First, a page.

Running is good for you. According to Runner’s World, “Studies have shown that running can help prevent obesity, type 2 diabetes, heart disease, high blood pressure, stroke, some cancers, and a host of other unpleasant conditions.” In addition to these significant health benefits, runners can also experience the famed “runner’s high,” a sense of intense euphoria caused when the brain is flooded with endorphins post-run. As much as some people hate it, it's simply a fact that your body likes it, and benefits from doing it.
But you know what? I don’t care. I hate running. Hate it. You can talk about health advantages and endorphin-fueled out-of-body experiences until the end of time, and it won’t change anything: I hate running, and I don’t want to do it, and you can’t make me. I am aware that this means I would be one of the first ones to die in a zombie apocalypse (you runners would be able to dash to safety as the undead hordes effortlessly mowed down my fast-walking self) and I don’t care. I’d rather become a meandering zombie than literally be on the run for the rest of my life. (Zombies, you’ll note, don’t have to run. That’s why the show is called The WALKING Dead.)
I know that I’m not the only one out there who would rather do just about anything than jog, but it’s important that we future-zombies don’t let our dislike of running prevent us from exercising altogether. Exercise is important for everyone, but it’s not a one-size-fits-all endeavor. Exercise requires motivation, and it’s impossible to feel motivated when you hate what you’re doing; it's fairly easy, on the other hand, to keep going with an activity you truly enjoy. There are a lot of sports and activities out there that have great health benefits that don’t involve rapidly putting one foot in front of the other over and over and over again. Try out some of the non-running sports below to find out what mode of exercise lights your fire.
The phrase “walking for exercise” might make you think of old people speed-walking through the mall, but walking is actually great exercise. As a Harvard Medical School newsletter points out, with walking, “You can get all the benefits of moderate exercise with a very low risk of injury.” You have to walk more often for longer periods of time to get the same benefits as running (Harvard Medical School recommends 30 minutes of brisk walking five days a week), but the extra time may be worth it when you take into account the lowered risk of injury: Walkers experience a 1 to 5 percent risk of exercise-related injury, as opposed to runners, who experience a risk of 20 to 70 percent. Also, walking is not running, so it has that going for it.
Swimming burns calories and provides a total-body workout. It’s also low impact (because you’re not dealing with so much gravity in the water), so there is decreased risk of injury.
Yoga is wonderful for increasing flexibility, improving posture and alignment, and building strength. It’s also customizable — if you’re looking for a strong cardio work out, try Ashtanga or Vinyasa; if you’re looking for something more relaxing, try Hatha.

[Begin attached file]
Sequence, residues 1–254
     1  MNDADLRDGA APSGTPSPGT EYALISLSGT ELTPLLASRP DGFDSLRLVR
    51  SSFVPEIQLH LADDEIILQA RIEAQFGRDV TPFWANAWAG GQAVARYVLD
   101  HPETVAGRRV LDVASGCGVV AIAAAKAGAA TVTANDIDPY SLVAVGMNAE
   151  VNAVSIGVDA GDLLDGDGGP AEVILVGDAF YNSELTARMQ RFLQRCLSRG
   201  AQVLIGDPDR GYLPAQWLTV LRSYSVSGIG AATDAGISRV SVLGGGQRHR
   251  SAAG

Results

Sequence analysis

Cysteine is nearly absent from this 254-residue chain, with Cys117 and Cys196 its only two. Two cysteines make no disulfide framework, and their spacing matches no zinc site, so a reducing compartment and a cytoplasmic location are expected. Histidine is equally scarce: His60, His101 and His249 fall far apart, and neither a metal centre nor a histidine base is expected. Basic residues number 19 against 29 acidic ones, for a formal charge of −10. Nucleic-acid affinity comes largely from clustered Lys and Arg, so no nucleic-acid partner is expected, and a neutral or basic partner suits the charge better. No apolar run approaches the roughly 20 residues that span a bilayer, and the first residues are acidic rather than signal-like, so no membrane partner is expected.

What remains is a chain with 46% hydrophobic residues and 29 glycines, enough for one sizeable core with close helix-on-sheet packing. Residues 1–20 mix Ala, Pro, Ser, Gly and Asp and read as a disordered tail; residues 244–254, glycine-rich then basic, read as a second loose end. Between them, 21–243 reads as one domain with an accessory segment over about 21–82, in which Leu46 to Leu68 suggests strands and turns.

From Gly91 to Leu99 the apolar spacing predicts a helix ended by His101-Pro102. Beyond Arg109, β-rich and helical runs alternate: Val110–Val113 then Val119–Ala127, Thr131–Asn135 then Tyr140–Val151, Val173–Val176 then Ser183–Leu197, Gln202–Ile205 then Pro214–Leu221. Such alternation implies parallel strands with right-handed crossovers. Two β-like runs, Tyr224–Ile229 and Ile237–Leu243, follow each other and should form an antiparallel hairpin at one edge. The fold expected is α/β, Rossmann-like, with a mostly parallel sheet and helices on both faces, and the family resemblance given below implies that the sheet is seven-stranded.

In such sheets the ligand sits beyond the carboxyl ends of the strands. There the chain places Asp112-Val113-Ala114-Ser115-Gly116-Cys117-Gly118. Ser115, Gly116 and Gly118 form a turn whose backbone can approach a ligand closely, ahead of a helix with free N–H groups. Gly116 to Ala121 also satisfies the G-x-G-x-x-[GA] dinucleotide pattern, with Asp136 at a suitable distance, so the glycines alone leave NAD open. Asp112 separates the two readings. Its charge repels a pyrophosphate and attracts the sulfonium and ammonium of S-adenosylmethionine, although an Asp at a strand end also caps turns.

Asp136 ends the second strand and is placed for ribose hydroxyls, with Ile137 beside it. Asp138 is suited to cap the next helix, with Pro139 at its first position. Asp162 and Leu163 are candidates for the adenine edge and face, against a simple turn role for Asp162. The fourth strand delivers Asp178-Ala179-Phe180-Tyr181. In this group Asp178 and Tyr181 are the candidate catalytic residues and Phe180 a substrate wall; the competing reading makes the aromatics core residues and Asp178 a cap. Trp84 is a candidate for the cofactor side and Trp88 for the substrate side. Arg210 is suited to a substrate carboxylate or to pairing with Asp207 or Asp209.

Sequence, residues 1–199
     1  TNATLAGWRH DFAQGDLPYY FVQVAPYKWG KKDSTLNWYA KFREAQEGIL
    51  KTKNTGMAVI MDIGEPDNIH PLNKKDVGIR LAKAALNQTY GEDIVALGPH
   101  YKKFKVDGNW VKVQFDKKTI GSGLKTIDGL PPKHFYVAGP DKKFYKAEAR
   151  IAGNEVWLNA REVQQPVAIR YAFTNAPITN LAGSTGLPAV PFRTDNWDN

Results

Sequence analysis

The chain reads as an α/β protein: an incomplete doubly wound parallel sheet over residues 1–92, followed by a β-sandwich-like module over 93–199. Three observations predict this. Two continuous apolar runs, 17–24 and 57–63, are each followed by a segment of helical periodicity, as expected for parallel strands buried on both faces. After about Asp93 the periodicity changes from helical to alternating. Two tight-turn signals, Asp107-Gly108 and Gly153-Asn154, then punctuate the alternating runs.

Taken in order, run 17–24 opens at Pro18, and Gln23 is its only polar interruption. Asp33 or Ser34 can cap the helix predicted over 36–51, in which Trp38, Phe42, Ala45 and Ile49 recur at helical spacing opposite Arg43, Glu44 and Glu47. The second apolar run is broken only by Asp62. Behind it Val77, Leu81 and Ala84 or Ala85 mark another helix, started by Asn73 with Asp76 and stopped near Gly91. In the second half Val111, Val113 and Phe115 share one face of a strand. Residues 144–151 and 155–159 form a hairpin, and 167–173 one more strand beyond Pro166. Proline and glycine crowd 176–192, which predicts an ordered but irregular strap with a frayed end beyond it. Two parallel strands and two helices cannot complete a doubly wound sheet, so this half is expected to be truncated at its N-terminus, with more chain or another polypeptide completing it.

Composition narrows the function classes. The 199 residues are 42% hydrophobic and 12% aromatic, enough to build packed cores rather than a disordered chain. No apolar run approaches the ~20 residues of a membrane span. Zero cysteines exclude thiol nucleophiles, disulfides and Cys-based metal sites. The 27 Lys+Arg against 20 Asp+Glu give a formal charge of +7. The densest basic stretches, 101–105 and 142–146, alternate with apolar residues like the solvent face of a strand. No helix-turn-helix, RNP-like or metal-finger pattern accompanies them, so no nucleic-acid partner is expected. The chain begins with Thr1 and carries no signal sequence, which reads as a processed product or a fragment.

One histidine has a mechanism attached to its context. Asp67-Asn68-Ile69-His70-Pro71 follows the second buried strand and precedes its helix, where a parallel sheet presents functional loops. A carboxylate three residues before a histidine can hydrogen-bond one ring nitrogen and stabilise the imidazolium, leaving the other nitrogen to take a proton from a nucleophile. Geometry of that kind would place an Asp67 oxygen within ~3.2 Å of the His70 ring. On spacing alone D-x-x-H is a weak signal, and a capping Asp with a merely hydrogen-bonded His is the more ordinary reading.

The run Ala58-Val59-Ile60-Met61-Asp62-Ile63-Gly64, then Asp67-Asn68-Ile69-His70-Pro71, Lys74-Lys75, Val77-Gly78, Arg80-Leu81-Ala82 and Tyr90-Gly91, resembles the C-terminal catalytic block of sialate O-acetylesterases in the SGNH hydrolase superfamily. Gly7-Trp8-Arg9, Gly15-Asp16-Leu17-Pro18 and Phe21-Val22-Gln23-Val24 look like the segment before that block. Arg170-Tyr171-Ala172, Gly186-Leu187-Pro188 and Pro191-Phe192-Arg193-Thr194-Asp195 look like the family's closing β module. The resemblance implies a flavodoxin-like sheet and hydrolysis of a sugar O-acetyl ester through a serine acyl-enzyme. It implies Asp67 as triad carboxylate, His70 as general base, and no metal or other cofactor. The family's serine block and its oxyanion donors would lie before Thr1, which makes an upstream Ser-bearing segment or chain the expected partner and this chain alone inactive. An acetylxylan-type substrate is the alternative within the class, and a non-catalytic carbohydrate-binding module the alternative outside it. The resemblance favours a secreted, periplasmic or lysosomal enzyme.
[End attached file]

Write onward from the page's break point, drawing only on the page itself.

According to the University of Rochester Medical Center, dancing can lead to decreased stress, improved balance, weight loss, improved cognitive abilities, and better overall health. Not bad, right? Join a dance class at a local dance school, or try out dance-fitness classes at your local gym. Or, you know, just dance wildly around your apartment.
Some people (ahem, me) are simply not motivated by gyms—they always seem so cold and uninviting. But what will get gym-phobes out of bed early on a Saturday morning is a long hike through beautiful countryside. Hiking has all of the benefits of walking, with the added exercise of going up and down inclined terrain.
6. Stand-Up Paddle Boarding
According to the big-wave surfer/Men’s Journal contributor Laird Hamilton, paddle boarding is a great total-body work out that “strengthens your core and stabilization system.” Plus, you get to hang out by the ocean. Sure beats a treadmill!
6. Cross Country Skiing
For those of you who live in places with real winters (and who probably just read the last two items thinking, “How am I supposed to go hiking and paddle boarding when I live in a frozen wasteland, you insensitive jerk-face??”), don’t forget that you have fun outdoor options, too! Cross country skiing is a great — and intense — full-body work out because, unlike runners and cyclists, cross country skiers work out their arms in addition to their legs.
If you’re interested in winter sports, you can also try out snow shoeing, which is surprisingly fun. It’s just like hiking, only, you know, there’s snow.
OK, so technically joining a kickball team may involve running, but the running might seem less onerous when it’s part of a game. Lots of cities have kickball leagues; in addition to giving you some necessary exercise, the games can be a great way to meet new people and are an excuse to go out for beer with the team afterward. (I mean, you just burned all those calories. You deserve a beer or two now, right?)